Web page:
The Navy also neglected to impose a check-and-balance system on the WR-ALC’s work, investigators stated.
“Negligent practices, poor procedural compliance, lack of adherence to publications, an ineffective QC/QA program at WR-ALC, and insufficient oversight by the [U.S. Navy], resulted in deficient blades being released to the fleet for use on Navy and Marine Corps aircraft from before 2011 up until the recent blade overhaul suspension at WR-ALC occurring on Sept. 2, 2017,” officials said.
A Naval Air Systems Command (NAVAIR) liaison stationed at WR-ALC also did not check on the maintenance being done, according to Military Times and Defense News. Leaders at the base had “no record” of the liaison ever checking procedures, the report said.
Since the accident, multiple agencies — including the Navy; Air Force; respective commands; UTC Aerospace, maker of the propeller; and officials from Lockheed Martin, the aircraft’s manufacturer — have convened to streamline practices and procedures to prevent any more similar catastrophic events, the documents said.
Investigators recommended the joint team’s primary objective be to create a “uniform approach” to overhauling procedures for both Air Force and Navy C-130T blades.
“WR-ALC plans to upgrade and improve their … process[es],” which will include the use of additional robotics, automation, and a wider scope of what’s inspected, the investigation said.
That includes more refined paperwork filings into “one consolidated electronic document identifying all defects and corrective actions,” it said.
This article originally appeared on Military.com. Follow @militarydotcom on Twitter.
On Nov. 15th, Mark Esper was confirmed as Secretary of the Army by a seven vote margin in the U.S. Senate. He was President Trump’s third pick for the position after Vincent Viola, founder of Virtu Financial, and Sen. Mark Green were forced to drop out of the confirmation process before hearings began.
Esper rounds out the final Trump service secretary to be approved by the Senate. Heather Wilson was confirmed as Air Force secretary in May while Richard Spencer was confirmed as Navy secretary in August.
Secretary of Defense James Mattis’ go-to man for the U.S. Army has a long Army history that includes active and reserve duty as well as time in the National Guard.
The ‘Left Hook’ of the First Gulf War
Esper’s military career began after he graduated from the United States Military Academy in 1986. He made the West Point Dean’s List and received the MacArthur Award for Leadership. From there, he became an infantry officer in the 101st Airborne Division (Air Assault).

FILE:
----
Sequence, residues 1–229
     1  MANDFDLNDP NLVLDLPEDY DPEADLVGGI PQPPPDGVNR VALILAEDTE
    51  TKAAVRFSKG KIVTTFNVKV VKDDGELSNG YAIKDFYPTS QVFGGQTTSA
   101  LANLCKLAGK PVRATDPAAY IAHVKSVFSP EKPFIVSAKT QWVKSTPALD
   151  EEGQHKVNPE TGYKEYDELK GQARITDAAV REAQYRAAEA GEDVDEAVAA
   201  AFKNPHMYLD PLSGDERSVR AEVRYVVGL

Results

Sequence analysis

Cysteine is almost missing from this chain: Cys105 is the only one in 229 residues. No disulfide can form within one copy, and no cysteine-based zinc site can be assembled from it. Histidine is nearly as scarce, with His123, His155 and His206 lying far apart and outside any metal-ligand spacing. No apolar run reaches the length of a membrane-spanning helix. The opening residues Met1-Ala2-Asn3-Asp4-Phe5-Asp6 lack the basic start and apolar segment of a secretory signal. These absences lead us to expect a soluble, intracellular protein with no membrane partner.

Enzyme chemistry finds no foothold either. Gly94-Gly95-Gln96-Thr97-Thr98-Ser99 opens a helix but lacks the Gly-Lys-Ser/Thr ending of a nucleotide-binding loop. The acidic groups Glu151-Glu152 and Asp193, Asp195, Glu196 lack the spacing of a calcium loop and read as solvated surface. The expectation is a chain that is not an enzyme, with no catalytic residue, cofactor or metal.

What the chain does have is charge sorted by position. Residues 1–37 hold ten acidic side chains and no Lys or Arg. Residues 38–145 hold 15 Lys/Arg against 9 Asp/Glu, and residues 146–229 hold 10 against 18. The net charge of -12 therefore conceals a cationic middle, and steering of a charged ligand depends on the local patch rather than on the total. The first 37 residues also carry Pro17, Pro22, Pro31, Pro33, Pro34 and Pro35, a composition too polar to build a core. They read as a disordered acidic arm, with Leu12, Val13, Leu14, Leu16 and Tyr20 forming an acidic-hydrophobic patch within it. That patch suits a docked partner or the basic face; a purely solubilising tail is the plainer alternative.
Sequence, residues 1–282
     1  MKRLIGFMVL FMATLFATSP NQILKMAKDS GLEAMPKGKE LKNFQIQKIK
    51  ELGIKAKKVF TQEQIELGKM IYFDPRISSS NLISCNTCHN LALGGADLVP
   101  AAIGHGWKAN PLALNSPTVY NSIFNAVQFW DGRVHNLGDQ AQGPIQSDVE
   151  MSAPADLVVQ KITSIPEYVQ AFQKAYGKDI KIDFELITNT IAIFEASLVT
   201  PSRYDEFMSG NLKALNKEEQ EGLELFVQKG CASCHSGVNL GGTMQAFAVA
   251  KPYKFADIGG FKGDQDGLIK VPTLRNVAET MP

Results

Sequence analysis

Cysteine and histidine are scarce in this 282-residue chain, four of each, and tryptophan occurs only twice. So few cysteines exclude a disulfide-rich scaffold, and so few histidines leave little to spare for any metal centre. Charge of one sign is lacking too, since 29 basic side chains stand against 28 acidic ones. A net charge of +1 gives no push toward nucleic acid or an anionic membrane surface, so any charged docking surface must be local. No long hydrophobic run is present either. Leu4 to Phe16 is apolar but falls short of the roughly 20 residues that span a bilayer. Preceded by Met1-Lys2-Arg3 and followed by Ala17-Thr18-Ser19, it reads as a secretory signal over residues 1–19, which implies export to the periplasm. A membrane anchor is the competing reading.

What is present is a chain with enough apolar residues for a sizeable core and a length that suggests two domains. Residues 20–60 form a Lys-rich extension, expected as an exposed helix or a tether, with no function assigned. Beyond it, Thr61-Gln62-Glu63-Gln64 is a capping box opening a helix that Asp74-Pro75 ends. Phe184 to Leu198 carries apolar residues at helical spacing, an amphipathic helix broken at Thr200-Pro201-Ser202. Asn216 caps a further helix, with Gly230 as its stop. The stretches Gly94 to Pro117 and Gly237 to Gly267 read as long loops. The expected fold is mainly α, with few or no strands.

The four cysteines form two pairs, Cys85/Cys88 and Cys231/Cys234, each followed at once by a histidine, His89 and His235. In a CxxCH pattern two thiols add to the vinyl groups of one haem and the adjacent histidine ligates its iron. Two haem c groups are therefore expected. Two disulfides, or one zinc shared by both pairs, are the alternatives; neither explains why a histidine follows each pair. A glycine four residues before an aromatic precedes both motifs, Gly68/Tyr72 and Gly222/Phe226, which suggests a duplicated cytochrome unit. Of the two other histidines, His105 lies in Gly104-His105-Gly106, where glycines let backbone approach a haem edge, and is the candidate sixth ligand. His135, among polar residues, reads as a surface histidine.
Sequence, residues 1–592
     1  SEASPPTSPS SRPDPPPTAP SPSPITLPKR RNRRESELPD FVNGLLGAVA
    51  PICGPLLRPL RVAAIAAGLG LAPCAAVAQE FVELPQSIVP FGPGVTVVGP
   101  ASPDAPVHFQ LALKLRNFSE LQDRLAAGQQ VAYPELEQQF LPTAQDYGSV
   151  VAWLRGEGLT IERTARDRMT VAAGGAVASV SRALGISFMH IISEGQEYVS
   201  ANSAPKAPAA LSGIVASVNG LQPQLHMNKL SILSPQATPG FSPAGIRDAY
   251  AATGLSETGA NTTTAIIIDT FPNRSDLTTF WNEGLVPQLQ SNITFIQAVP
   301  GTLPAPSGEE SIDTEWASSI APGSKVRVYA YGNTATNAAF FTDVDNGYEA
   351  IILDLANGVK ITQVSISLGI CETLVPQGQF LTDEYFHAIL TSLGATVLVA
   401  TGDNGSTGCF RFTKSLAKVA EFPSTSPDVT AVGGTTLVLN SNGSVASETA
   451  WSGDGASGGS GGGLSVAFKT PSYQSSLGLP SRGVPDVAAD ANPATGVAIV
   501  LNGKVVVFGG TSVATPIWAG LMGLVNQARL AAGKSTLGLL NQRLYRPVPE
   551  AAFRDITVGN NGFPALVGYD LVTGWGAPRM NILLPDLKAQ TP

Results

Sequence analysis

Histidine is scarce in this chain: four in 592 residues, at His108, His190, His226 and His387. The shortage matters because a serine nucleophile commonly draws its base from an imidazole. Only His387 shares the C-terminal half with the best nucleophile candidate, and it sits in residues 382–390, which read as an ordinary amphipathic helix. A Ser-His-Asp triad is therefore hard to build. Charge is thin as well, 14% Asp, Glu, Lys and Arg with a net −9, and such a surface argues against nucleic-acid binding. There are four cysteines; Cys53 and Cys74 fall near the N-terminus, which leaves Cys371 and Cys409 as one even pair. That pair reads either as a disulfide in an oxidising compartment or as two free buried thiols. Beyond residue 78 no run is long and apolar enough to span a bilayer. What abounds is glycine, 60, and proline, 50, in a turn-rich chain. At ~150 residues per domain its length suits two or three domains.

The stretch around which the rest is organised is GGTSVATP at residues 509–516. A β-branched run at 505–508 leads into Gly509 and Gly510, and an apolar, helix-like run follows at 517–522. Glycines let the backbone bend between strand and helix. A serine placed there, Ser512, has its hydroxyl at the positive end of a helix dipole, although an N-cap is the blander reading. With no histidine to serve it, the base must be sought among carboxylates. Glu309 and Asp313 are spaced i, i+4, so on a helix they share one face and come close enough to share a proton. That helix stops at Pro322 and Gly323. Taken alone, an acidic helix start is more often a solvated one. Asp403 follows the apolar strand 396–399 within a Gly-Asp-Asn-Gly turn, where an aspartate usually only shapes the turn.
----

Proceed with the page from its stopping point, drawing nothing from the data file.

In 1990, he deployed in support of the first Gulf War, where his battalion, the 3-187th Infantry Battalion, played a vital role in General Norman Schwarzkopf’s “Left Hook.” The idea was to avoid the heavily fortified Iraq-Kuwait border by coming in through Saudi Arabia to cut off the Iraqi Army and Republican Guard divisions still stationed in Kuwait. For his actions in Iraq, Esper received the Bronze Star and his Combat Infantryman Badge, among other awards.
Esper then commanded an airborne unit in Europe before becoming an Army Fellow at the Pentagon. In 1995, he graduated from Harvard with a Master’s degree in Public Administration.
Time in Washington
Esper was promoted to lieutenant colonel before retiring through service in the National Guard and Army Reserve. After two years as the Chief of Staff at The Heritage Foundation, Esper became a senior staffer for the Senate Foreign Relations Committee and the Senate Governmental Affairs Committee.
Between 2002 and 2004, Esper was the Bush Administration’s deputy assistant Secretary of Defense for negotiations policy, nonproliferation, and international agreements, where he was awarded the Department of Defense Distinguished Public Service Medal for his work. From 2004 and 2006, he was the Director for National Security Affairs for the U.S. Senate.
He left the military side of Washington to be the executive vice-president of the non-profit trade group Aerospace Industries Association in 2006, but left to be Senator Fred Thompson’s national policy director during his short 2008 presidential campaign.
Time at Raytheon
Esper went on to become the next vice-president of government relations at Raytheon. Raytheon is the world’s largest manufacturer of guided missiles and currently stands as the third largest defense contractor by defense revenue, earning $22.3 billion — with 93 percent coming from government contracts.
As a lobbyist for Raytheon, he was one of The Hill’s top corporate lobbyists for his “influence on major legislation such as the annual defense policy bill” in both 2015 and 2016.
In 2016, he earned $1.52 million at Raytheon, which includes his salary and bonuses, but does not include his stock options and deferred compensation at the company, worth anywhere from $1.5 million to as much as $6 million.
Esper agreed before his confirmation that he would “recuse himself from matters related to Raytheon that may come before him” but the “deferred compensation” after five years mentioned above from Raytheon may still be a conflict of interest.
According to Breaking Defense, he will most likely become “a soft-spoken wingman to the Army Chief of Staff, Gen. Mark Milley.” Esper’s entire career has been defined by quiet and low-key performance so it would make sense that he would continue to serve as a diligent mediator between Defense Secretary Mattis and General Milley.
In his confirmation hearing before the Senate Armed Services Commitee on Nov. 2, Esper reiterated Milley’s readiness first policy. “My first priority will be readiness — ensuring the total Army is prepared to fight across the full spectrum of conflict. With the Army engaged in over 140 countries around the world, to include combat operations in Afghanistan and Iraq, training rotations to Europe to deter Russia, and forward deployed units in the Pacific defending against a bellicose North Korea, readiness must be our top priority.”